Protect Your Portfolio from Fraud and Bankruptcy

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By Peggy Creveling, CFA and Chad Creveling, CFA

Although it may not be common to have problems with a brokerage or custodial account, fraud and bankruptcies can and do happen.  These types of issues may occur more frequently in the offshore world where regulators in the developed world may not have a handle on the various players and where money is being channeled through tax havens, but they can also happen in larger or better-regulated markets. The U.S. has had well documented high-profile brokerage bankruptcies, including the collapse of Lehman Brothers in 2008 and the fraud-related busts of firms like Bernie L. Madoff Investment Securities and MF Global. Most recently, bankruptcies have roiled the unregulated crypto-world, to include FTX, Genesis, Celsius Network, Voyager, and other firms.

For expats concerned about the safety of investments held in custodial or brokerage accounts, you can take steps to help make sure that your investments are protected. Here's a checklist:

  • Choose to hold your investments at a custodian or broker-dealer that is regulated by a credible major regulator. Double-check with the regulator directly to make sure that the entity is indeed properly regulated. Find out if any complaints have been filed.
  • Avoid custodians that partake in risky activities, such as derivatives trading. If your custodian conducts proprietary trading for its own book, ensure that this is done in a legal entity separate from where client accounts are held.
  • Check with your custodian or broker-dealer as well as its regulator to see how your investment funds are protected from fraud or if the firm were to go bankrupt.
  • Check the financial strength of your custodian or broker. Look for a sizable equity base and strong credit rating.
  • Review and maintain a copy of your latest brokerage account statement showing the investments that the account contains. Make sure that the statement reflects all activity in your account and that holdings are correct. Any errors should be reported immediately to the broker in writing. If problems persist, contact the relevant regulator.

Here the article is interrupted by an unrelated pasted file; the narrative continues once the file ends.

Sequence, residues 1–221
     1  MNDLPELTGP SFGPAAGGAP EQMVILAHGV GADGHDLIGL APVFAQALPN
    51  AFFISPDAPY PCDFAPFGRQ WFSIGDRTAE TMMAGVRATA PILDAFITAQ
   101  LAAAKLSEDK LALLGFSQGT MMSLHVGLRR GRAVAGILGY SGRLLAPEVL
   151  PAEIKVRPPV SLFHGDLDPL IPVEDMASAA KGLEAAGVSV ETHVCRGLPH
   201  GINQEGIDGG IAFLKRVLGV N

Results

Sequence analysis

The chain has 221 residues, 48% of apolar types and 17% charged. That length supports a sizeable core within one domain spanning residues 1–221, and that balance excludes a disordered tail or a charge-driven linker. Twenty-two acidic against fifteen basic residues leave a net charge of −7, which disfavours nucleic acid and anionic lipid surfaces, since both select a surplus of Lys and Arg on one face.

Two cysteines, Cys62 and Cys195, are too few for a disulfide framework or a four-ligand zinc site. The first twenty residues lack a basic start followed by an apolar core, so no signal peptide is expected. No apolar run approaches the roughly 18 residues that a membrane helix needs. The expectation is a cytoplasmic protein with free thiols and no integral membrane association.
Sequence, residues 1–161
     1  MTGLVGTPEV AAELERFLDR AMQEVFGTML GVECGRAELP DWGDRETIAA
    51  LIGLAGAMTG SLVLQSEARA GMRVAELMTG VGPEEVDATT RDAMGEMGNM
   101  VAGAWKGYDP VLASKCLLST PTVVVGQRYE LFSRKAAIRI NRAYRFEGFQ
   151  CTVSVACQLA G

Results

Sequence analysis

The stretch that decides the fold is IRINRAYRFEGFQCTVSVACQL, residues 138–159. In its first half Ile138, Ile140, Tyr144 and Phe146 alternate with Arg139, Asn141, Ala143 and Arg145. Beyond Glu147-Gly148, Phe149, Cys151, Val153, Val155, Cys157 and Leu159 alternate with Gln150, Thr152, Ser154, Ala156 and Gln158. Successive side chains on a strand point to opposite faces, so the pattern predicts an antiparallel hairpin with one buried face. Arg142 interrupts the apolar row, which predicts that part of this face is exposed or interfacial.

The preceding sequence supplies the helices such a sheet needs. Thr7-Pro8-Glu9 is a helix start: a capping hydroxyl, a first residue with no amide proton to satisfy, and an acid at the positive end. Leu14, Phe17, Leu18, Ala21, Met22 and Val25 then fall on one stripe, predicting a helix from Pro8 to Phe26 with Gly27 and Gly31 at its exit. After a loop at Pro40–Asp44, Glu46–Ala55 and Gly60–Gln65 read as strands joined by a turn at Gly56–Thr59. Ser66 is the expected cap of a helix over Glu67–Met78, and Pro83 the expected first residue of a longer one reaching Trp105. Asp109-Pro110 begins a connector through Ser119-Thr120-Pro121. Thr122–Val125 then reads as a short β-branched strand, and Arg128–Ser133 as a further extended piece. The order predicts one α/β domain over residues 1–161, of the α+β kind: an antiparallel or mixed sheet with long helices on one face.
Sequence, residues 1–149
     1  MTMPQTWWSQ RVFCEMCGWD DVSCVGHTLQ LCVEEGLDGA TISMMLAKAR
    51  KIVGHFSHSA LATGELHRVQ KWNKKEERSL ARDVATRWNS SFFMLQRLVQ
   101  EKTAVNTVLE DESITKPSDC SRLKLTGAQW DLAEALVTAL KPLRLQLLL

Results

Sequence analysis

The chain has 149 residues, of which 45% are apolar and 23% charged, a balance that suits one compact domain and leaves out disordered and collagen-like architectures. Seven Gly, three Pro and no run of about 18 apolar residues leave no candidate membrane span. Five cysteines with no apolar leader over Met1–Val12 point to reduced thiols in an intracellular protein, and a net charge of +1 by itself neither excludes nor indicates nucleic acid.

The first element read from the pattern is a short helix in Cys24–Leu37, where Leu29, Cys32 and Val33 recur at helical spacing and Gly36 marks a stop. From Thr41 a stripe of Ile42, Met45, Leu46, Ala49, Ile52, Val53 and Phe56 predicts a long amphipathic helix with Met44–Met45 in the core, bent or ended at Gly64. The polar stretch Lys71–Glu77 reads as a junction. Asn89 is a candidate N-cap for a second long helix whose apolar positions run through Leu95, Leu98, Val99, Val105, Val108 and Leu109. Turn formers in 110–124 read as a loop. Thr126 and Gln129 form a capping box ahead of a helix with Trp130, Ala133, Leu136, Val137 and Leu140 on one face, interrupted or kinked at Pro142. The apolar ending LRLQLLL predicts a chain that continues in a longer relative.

• For investors using U.S. custodians or broker-dealers, read about the role of the Financial Industry Regulatory Authority (FINRA) and the Securities Investor Protection Corporation (SIPC), whose specific job is to restore funds to investors with assets in the hands of bankrupt or financially troubled registered broker-dealers.

The good news is that unless a regulated financial custodian or broker-dealer engages in outside risky activities or outright fraud, the potential for bankruptcy is low. And even if a custodian goes bankrupt, as long as your broker kept client accounts separate, in most well-regulated jurisdictions your account should merely be transferred intact to a different, solvent broker.

This article is a revised and updated version of one that appeared previously on

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About Creveling & Creveling Private Wealth Advisory
Creveling & Creveling is a private wealth advisory firm specializing in helping expatriates living in Thailand and throughout Southeast Asia build and preserve their wealth. The firm is a Registered Investment Adviser with the U.S. SEC and is licensed and regulated by the Thai SEC. Through a unique, integrated consulting approach, Creveling & Creveling is dedicated to helping clients cut through the financial intricacies of expat life, make better decisions with their money, and take the steps necessary to provide a more secure future.

Copyright © 2024 Creveling & Creveling Private Wealth Advisory, All rights reserved. The articles and writings are not recommendations or solicitations, and guest articles express the opinion of the author; which may or may not reflect the views of Creveling & Creveling.